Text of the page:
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International Relations

Japan's vow to enforce North Korea sanctions more bark than bite

Constitutional hurdles mean SDF can watch but not board suspected smugglers

North Korean crewmen stand on the deck of a cargo ship seized in Panama in February 2014 for smuggling weapons.   © AP

TOKYO -- As enforcement of U.N. sanctions against North Korea tightens, Japan is bumping up against constitutional restrictions on what its Maritime Self-Defense Force ships are allowed to do during peacetime.

On Jan. 20, Taiwanese authorities said they searched a Taiwanese vessel suspected of smuggling contraband to North Korea, despite the fact that Taiwan is not a member of the United Nations.

Meanwhile, Japan's efforts to crack down on North Korean evasion of U.N. sanctions meant to punish the country for its nuclear and missile programs are hobbled by limits on SDF operations imposed by Japan's war-renouncing constitution.

On Jan. 12, 17 countries that are members of the Proliferation Security Initiative, a U.S.-led effort to stop shipments of weapons of mass destruction and related products and materials, issued a statement affirming their commitment to stepping up inspections on the high seas to ensure enforcement of the U.N. resolutions against Pyongyang. Four days later, foreign ministers from 20 countries agreed to expand their searches of vessels to prevent oil and other prohibited items from slipping into North Korea.

But actions by Maritime Self-Defense Force ships to enforce the sanctions, which call for inspections of North Korean shipping to halt ship-to-ship transfers of fuel, are limited to those directly related to Japan's security. "Unless something happens to change the situation drastically, such as a military conflict on the Korean Peninsula, Japan's activities will be limited for the time being to vigilance and surveillance, and providing relevant information to the U.S. military," said a senior Japanese official.

Japan was among the countries that issued the PSI joint statement. But the MSDF is legally barred from carrying out operations beyond "vigilance and surveillance" in international waters during peacetime.

Leave it to us

Since the end of last year, the MSDF has been monitoring foreign ships in the Yellow Sea and the East China Sea, on the lookout for illegal transfers of oil and other banned products to North Korean vessels. The MSDF passes that intelligence along to the U.S. military. Even if an MSDF catches a vessel in the act of sanctions-busting, however, any searches or other sanctions enforcement will fall to the U.S. or others.

The MSDF may be allowed to inspect suspicious ships in the event of an emergency on the Korean Peninsula, but under the current constitutional interpretation, the MSDF can only do that if the situation is considered a serious threat to Japan's security or international peace and stability.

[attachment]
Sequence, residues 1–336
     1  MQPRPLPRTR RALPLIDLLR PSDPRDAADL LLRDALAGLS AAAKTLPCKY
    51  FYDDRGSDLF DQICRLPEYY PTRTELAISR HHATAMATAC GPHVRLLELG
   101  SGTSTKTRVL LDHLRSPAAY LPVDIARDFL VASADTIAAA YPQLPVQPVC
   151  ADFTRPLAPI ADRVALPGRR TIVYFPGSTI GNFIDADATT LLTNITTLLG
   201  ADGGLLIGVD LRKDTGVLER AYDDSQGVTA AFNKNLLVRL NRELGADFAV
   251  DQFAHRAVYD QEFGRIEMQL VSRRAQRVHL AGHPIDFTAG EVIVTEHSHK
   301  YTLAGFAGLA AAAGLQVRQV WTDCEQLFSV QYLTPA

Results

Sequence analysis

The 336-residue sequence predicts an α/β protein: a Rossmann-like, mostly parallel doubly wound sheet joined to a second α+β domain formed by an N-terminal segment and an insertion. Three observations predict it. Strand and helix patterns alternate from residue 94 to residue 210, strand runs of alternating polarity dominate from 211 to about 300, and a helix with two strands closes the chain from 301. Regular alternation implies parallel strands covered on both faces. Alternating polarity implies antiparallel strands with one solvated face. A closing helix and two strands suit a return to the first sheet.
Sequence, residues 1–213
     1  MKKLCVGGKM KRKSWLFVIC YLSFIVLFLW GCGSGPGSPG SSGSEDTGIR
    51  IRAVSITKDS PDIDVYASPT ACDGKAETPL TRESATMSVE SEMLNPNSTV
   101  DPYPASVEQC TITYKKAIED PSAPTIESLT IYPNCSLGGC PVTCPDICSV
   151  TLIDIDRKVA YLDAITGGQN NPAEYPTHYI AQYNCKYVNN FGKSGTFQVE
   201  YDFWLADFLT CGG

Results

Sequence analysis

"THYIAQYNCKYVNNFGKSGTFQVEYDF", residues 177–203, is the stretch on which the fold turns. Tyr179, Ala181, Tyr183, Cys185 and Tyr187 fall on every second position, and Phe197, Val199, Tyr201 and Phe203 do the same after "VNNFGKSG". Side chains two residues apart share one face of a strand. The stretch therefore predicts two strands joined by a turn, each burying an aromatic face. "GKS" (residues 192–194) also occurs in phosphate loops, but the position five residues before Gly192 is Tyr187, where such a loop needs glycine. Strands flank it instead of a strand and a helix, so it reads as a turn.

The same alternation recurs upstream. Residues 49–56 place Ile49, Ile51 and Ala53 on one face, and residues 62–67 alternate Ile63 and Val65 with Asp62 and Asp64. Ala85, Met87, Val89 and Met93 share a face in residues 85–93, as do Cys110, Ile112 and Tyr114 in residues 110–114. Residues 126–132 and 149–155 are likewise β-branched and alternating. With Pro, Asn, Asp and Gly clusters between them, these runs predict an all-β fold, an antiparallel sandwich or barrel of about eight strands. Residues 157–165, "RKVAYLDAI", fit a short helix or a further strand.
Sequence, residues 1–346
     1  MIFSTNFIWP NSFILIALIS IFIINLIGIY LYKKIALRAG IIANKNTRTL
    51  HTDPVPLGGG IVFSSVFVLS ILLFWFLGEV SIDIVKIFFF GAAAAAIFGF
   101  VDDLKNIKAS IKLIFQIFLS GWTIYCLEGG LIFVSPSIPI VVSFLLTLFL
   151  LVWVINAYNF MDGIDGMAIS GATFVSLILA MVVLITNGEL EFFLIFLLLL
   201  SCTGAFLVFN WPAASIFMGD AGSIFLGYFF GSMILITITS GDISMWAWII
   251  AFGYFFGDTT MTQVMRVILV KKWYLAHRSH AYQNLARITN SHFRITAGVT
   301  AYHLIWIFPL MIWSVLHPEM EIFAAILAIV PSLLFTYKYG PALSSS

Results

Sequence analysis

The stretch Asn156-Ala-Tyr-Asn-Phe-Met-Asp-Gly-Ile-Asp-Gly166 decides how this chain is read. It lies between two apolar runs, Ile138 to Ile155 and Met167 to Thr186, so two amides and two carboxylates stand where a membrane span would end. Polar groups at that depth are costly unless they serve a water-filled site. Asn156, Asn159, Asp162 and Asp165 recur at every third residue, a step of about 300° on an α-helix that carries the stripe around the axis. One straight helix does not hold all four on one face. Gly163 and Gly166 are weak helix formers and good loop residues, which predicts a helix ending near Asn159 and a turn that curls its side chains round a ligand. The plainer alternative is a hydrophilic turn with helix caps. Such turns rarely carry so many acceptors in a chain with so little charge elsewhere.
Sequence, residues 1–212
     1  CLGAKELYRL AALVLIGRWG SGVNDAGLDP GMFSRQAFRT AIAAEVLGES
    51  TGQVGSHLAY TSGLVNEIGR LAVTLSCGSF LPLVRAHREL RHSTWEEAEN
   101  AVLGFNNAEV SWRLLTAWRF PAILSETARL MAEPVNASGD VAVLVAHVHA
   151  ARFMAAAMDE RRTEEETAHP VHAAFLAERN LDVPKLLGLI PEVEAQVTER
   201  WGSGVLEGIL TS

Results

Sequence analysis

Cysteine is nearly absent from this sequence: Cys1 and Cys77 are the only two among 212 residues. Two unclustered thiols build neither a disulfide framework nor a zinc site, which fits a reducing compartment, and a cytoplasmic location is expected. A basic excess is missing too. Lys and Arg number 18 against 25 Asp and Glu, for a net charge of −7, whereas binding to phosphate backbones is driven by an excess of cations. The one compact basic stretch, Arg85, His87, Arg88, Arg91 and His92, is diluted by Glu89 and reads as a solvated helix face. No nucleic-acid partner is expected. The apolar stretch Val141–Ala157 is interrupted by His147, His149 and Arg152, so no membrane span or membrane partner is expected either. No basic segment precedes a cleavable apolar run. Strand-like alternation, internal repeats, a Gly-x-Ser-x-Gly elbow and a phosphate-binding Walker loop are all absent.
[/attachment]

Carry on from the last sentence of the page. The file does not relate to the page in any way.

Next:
A Japanese Maritime Self Defense Force ship sails near Okinawa in October 2017.   © Reuters

In that case, it can inspect cargoes on civilian ships and check their destinations. It can also ask ships to change their routes. The catch is MSDF vessels can only conduct such inspections with the consent of the cargo vessel's captain. And they can only use their weapons to protect the lives of their crews. "It would be unrealistic to expect the captain of a suspicious ship to agree to an inspection," said a senior official with Japan's Defense Ministry.

If things get really ugly, the MSDF will be authorized to take tougher action, such as forcibly stopping and searching vessels. In such cases, if a suspicious vessel disregards an order to stop, an MSDF captain will have the discretion to enforce the order using deadly force.

Official inspections during emergencies sometimes involve sinking vessels suspected of carrying contraband. But if the MSDF takes such an action, that could violate Article 9 of the constitution, which denies Japan "the right of belligerency."

Japan has set conditions for ship inspections, and defined the scope of tasks the MSDF can conduct. The MSDF is allowed to carry out forced inspections of ships on the high seas only if Japan is under attack, or if an against the U.S. or other countries directly threaten Japan's survival.

There is an exception to the peacetime ban on use of weapons by MSDF ships in conducting ship inspections. MSDF vessels are allowed to use their weapons when the target ship is itself armed and shows clear intent to attack the MSDF vessel. In such cases, the defense minister can order an on-the-spot inspection involving use of weapons. This exemption applies to the MSDF's ongoing anti-piracy operations off Somalia.

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